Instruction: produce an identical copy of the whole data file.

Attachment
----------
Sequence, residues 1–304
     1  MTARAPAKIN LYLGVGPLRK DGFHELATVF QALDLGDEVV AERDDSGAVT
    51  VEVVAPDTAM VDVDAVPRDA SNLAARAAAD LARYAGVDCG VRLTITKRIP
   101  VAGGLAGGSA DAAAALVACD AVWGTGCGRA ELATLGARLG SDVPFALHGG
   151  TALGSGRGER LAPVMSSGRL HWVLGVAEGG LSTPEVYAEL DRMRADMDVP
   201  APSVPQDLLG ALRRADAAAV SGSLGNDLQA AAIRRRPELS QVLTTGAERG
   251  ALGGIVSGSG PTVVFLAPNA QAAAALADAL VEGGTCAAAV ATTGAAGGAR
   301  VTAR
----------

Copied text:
Sequence, residues 1–304
     1  MTARAPAKIN LYLGVGPLRK DGFHELATVF QALDLGDEVV AERDDSGAVT
    51  VEVVAPDTAM VDVDAVPRDA SNLAARAAAD LARYAGVDCG VRLTITKRIP
   101  VAGGLAGGSA DAAAALVACD AVWGTGCGRA ELATLGARLG SDVPFALHGG
   151  TALGSGRGER LAPVMSSGRL HWVLGVAEGG LSTPEVYAEL DRMRADMDVP
   201  APSVPQDLLG ALRRADAAAV SGSLGNDLQA AAIRRRPELS QVLTTGAERG
   251  ALGGIVSGSG PTVVFLAPNA QAAAALADAL VEGGTCAAAV ATTGAAGGAR
   301  VTAR